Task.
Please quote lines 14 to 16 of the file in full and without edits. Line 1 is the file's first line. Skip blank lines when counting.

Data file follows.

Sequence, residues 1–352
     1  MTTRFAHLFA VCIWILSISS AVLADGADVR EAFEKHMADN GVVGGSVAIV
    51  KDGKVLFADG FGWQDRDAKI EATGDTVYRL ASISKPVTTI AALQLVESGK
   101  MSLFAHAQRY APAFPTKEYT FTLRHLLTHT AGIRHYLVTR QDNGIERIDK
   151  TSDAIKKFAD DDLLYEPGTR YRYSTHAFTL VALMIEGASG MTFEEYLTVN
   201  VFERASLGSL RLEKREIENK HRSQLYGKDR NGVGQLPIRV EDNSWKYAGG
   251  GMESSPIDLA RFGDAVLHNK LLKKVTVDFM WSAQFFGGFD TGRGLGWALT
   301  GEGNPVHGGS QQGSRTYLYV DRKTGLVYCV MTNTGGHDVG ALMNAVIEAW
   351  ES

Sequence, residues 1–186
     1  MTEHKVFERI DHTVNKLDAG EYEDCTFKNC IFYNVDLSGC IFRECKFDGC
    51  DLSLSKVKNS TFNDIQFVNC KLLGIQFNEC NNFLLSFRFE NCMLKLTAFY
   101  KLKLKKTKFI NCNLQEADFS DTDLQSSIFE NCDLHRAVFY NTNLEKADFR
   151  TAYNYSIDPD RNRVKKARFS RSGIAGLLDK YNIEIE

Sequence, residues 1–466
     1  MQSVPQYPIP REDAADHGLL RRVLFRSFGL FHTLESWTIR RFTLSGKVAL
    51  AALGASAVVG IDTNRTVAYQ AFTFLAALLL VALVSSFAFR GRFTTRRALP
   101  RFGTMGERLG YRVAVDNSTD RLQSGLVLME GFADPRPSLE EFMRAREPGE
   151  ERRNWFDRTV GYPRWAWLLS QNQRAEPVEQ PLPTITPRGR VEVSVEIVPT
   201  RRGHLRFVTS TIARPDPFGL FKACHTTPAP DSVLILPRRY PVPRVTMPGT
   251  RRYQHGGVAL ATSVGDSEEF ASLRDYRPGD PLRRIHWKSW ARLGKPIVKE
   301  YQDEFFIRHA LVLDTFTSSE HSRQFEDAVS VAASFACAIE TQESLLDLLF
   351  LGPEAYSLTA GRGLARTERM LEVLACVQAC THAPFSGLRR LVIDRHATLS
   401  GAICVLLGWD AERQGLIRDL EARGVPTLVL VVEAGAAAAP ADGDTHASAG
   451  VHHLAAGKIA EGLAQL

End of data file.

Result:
   151  TAYNYSIDPD RNRVKKARFS RSGIAGLLDK YNIEIE

Sequence, residues 1–466
     1  MQSVPQYPIP REDAADHGLL RRVLFRSFGL FHTLESWTIR RFTLSGKVAL